Nishijima Roshi, affectionately nicknamed Gudô ("path of the imbecile"), was an astonishing character: a graduate of the prestigious University of Tokyo, a small man trotting with an alert and tireless step in the streets of the Japanese capital, a consultant for a large company, author of numerous works on Zen and the work of Dôgen, he is best known in the West for his practice of a refined Zen and his many atypical disciples.
Born after the First World War, a brilliant young student, he practiced with the old Sawaki Kodo, who, refusing the sclerosis of the monasteries and welcoming a very diverse lay public, dragged his snail dojo from hotel to hostel. He impressed the young Nishijima with his scathing sermons and the silent majesty of his seat, and the latter converted absolutely to the reality of zazen, the zen where one does not make or manufacture anything, the zen which liberates from hells and miracles of paradise. He often visits Antaïji, where the old master settles down with a handful of rebellious disciples. When the latter died, he decided to practice under the direction of another great figure of Zen, Niwa Rempo, who was very admiring of this executive of a large Japanese company wearing the kesa above his suit- tie and sitting down with determination, and said to the priests around him: there is a real Buddha. He decides to ordain him as a monk then invites him to Eiheiji to give him the transmission of the Dharma in December 1977. In the 80s, Gudô opens his dojo in Tokyo and, accompanied by the nun Taïjun, receives many Westerners in his office , where he invites them to sit down. Often for almost nothing and with the sole obligation of coming to practice early in the morning. Many Americans and Europeans join him and sometimes meet at the temple of Niwa, the Tokein, for longer retreats.
Zazen in the Light of Modern Science
His approach to zen is very largely based on the three philosophies and the ultimate reality that he recognizes as a constitutive part of Dogen's thought: the first is the idealistic and spiritualist perception worked by the subject (dissatisfaction or noble truth of suffering), the second consists of a materialistic and objective perception (desire) and the third integrates and exceeds the two previous ones (extinction). However, it is the ultimate reality that is ineffable and beyond the language and theories that constitute the eightfold path in Buddhism. This understanding is also rooted in his understanding of zazen in the light of modern science and its discoveries: he sees in the stripped and bare sitting a way of regulating the autonomic nervous system, of balancing it and sees in it the realization of this abandonment of the body and the spirit, of which Dôgen speaks. He does not deny the existence of God whom he sees in the very reality of the universe as it is and not outside of it. For him, to practice zazen, seated Zen, is to become a Buddha, that is to say to live and realize the very reality of the world in one's life.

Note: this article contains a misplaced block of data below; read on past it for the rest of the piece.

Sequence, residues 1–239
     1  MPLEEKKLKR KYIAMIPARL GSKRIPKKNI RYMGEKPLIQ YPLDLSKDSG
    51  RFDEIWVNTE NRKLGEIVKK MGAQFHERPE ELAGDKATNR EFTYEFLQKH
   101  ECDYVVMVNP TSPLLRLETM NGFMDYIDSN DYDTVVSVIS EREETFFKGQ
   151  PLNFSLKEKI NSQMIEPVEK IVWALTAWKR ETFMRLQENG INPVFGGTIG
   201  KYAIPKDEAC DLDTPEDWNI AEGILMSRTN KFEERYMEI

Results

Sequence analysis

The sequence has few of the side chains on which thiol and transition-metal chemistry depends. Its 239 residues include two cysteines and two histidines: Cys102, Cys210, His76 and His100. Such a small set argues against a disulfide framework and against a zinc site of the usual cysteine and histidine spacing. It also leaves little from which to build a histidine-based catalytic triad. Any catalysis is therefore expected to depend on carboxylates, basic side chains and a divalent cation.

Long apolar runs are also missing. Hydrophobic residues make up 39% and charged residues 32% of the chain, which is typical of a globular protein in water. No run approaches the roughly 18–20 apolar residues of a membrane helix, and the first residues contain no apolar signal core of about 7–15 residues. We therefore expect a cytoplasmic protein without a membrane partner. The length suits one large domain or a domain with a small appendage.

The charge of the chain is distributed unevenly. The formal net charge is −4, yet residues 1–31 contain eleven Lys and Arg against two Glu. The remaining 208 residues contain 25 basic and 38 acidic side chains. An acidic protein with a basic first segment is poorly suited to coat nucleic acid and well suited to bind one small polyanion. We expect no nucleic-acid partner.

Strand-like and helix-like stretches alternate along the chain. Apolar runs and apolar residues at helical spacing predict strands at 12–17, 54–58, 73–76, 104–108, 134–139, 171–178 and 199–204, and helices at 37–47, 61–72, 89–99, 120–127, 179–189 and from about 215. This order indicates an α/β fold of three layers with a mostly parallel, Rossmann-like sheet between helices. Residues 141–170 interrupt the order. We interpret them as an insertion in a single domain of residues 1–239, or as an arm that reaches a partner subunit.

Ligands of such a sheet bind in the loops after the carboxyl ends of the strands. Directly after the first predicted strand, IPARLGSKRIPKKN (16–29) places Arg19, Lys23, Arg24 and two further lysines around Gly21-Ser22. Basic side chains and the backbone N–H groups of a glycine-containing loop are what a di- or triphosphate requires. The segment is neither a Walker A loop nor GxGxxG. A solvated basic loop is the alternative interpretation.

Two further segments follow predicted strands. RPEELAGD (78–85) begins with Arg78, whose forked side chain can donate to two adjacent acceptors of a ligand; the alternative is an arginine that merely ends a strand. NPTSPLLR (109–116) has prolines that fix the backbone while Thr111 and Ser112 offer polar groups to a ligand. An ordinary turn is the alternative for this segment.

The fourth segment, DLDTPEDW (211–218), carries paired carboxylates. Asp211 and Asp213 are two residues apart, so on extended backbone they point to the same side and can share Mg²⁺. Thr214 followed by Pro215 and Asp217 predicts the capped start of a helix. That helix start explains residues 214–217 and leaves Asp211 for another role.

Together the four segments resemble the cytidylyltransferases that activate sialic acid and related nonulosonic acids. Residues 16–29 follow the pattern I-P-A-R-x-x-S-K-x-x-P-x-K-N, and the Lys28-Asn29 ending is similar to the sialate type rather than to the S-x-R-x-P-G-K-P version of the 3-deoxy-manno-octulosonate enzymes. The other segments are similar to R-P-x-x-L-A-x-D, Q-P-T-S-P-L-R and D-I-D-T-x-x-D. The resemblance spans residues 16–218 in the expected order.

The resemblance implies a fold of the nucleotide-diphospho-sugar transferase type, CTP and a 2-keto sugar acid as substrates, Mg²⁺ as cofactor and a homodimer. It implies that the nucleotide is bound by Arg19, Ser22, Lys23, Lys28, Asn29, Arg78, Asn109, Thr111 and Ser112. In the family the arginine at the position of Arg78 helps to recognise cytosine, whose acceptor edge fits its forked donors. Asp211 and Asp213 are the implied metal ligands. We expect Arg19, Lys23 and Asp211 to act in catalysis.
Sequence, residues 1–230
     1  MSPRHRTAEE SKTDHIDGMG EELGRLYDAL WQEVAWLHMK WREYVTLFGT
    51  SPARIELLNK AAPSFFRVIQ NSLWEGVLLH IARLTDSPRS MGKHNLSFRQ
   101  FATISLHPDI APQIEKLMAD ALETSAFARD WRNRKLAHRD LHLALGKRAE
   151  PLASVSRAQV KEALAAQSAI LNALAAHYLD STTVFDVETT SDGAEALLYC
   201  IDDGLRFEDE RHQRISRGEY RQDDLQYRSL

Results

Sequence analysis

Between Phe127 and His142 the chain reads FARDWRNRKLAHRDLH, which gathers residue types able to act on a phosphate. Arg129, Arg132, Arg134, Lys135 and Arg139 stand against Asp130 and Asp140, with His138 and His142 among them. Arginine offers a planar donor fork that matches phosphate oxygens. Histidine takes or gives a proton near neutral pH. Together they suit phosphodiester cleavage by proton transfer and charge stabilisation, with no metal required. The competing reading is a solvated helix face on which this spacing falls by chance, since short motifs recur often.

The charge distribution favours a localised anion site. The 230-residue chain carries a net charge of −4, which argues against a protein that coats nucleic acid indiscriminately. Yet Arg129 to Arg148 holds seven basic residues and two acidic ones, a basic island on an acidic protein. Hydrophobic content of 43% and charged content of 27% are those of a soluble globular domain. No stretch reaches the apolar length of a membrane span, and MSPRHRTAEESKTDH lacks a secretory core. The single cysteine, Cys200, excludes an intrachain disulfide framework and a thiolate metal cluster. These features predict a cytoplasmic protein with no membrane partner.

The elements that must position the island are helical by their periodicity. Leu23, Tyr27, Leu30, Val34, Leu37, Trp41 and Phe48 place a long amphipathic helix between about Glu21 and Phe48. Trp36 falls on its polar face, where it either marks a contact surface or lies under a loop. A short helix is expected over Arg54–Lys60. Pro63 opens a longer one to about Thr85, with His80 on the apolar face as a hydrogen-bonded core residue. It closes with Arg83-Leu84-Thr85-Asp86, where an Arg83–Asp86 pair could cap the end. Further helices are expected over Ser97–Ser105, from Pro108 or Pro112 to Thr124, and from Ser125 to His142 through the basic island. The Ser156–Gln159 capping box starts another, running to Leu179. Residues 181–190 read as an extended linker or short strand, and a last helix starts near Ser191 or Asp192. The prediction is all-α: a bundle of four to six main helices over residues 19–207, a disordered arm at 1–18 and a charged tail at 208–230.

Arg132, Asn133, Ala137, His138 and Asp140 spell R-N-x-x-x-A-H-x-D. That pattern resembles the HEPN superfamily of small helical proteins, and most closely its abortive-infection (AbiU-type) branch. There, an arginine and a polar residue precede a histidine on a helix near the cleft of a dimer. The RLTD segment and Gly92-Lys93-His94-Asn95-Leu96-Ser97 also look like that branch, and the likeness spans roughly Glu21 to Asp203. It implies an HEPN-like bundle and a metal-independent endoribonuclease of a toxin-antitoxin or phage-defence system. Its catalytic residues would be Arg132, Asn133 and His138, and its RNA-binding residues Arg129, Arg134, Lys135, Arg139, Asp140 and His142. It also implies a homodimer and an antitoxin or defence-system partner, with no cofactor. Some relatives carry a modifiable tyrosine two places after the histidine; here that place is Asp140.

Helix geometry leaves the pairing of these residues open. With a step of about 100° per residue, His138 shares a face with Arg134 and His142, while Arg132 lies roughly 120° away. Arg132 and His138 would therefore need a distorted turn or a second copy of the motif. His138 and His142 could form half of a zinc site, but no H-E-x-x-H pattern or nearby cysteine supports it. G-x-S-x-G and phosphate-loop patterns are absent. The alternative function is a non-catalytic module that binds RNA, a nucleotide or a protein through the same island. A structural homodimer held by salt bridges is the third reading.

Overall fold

Anxious to take Zen out of its institutional lair, he took the initiative to transmit the Dharma to many Westerners. Mike Eido Luetchford, the translator of Shobogenzo, Mike Chodo Cross who studied and practiced with him for many years, the musician and prolific author Brad Warner, the jurist Jundo Cohen and Nissim Amon are among the best known. He will also transmit this Dharma to several French people including Jean-Marc Tenryu Bazy, the author and activist Eric Jiun Rommeluere, Michel Yudo Proulx and the Belgian Nicole from Merkline. All these transmissions, although unofficial, are recognized and respected by the authorities of Japanese Soto Zen.
For him, to practice zazen, seated Zen, is to become a Buddha, that is to say to live and realize the very reality of the world in one's life.
His legacy is considerable, it consists above all in having transmitted Zen outside the institution to a handful of very different and often original personalities. We owe him with Mike Cross the most faithful translation of the colossal Shobogenzo of Dôgen and much of this freshness and this diversity of which Zen is capable. He died very peacefully on January 28, 2014 of pneumonia in hospital. Faithful to his strong and determined personality, the master refuses the therapeutic relentlessness offered to him, choosing to "decide alone on his own death".